School Board Discusses Music Stars, Budget, Newts, and Ducks

    Seventh graders Esther Yu and Miteki Ochi aren’t stars in the firmament of classical music yet, but look for those names one day soon.

schools - yu kraut ochi
Published May 14, 2013 6:59 PM
2 min read

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schools - yu kraut ochiSeventh graders Esther Yu and Miteki Ochi aren’t stars in the firmament of classical music yet, but look for those names one day soon.

 

schools - yu kraut ochi

 

By Sarah Varney

 

Seventh graders Esther Yu and Miteki Ochi aren’t stars in the firmament of classical music yet, but look for those names one day soon.

 

At the May 7 Board of Education meeting, Rye Middle School orchestra director Lynn Kraut joined Superintendent of Schools Dr. Frank Alvarez in presenting Yu and Ochi with Rye Recognition of Excellence Awards. Yu, a cellist, recently was named First Chair Intermediate Cello for the All-County Orchestra. Ochi, a violinist, earned perfect scores at the recent New York State State Schools Music Association Solo Festival. Yu studies cello at the Julliard School pre-college program. Ochi is a student at Hoff-Barthelson Music School in Scarsdale.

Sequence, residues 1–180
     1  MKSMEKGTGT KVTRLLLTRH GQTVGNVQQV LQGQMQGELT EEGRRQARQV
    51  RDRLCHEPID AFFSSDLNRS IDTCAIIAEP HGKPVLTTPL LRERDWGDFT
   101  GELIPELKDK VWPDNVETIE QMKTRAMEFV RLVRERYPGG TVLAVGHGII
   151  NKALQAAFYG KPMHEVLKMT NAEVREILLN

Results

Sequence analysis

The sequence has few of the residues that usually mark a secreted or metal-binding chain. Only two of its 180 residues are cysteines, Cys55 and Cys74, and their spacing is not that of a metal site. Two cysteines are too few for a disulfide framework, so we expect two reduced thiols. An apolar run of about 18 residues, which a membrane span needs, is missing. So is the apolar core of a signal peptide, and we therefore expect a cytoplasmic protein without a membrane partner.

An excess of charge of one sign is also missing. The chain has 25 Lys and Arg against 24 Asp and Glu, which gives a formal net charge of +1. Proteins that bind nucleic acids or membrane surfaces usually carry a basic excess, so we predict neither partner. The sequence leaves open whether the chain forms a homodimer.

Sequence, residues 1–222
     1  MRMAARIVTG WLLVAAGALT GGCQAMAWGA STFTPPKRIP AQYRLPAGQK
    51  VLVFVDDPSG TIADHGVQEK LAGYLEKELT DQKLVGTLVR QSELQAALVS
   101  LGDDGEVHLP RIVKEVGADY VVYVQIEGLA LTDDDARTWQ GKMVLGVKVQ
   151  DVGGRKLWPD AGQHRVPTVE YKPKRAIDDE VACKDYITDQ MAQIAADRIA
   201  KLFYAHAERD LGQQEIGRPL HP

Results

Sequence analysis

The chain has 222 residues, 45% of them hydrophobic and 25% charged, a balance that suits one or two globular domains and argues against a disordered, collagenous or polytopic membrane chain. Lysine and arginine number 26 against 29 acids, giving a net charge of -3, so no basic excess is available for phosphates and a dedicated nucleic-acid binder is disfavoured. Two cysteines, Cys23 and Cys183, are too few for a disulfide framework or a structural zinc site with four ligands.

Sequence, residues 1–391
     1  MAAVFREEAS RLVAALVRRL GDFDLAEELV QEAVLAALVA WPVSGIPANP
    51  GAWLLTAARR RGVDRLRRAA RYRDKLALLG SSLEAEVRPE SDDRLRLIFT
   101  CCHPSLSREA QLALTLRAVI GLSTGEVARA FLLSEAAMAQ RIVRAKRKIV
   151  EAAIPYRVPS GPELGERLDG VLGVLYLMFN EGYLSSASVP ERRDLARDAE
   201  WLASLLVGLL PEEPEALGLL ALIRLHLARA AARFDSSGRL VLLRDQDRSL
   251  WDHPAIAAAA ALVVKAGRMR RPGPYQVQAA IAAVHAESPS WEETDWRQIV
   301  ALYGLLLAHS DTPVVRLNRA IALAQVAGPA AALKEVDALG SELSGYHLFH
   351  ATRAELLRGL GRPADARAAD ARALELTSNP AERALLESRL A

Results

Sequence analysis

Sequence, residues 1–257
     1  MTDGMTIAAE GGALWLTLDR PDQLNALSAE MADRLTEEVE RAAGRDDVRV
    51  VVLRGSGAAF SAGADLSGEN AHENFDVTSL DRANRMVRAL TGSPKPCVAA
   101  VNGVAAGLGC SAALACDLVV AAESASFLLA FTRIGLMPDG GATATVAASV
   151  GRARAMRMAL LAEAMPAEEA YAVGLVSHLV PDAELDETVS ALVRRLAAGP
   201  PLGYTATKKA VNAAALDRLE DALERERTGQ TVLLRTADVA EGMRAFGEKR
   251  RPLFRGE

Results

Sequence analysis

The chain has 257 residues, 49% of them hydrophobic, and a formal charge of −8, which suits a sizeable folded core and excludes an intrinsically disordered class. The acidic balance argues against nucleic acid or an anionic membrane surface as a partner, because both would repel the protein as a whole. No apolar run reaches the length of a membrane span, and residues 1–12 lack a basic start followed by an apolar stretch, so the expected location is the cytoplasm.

Then it was on to business. Friends of the Rye Schools President Mary Emery and Board candidate Nicole Weber spoke separately in favor of the $76.8 million school budget proposed for 2013-2014. Weber stood to thank the Board of Education for its hard work and for making “thoughtful decisions that preserved many wonderful programs.” Emery stressed that getting more parents out to vote will be crucial for passing the budget on May 21. Voting takes place from 7 a.m. to 9 p.m. “Thirty-three percent of registered voters in Rye have children in the public schools but over half of our parents did not vote last May,” Emery said. Voters also can cast ballots for the three candidates — Bob Zahm, Weber and Katy Keohane Glassberg — running for two open seats.

 

Perhaps the most impassioned discussion of the evening came near the end as Dr. Mary Anne Evangelist detailed the new elementary school science curriculum called Science 21. Kindergarteners will observe the hatching cycle of newts. Currently, the neophytes are studying the hatching cycle of ducks. “So, the students will be hatching newts instead of ducks?” asked Board member Ed Fox. Evangelist assured Fox that newts are even more interesting. “Newts are surprisingly fun,” said Evangelist, who began her career as a science teacher. “Well, I like ducks,” Fox said. And with that the curriculum was informally expanded to include both the hands-on hatching cycles of both newts … and ducks.

 

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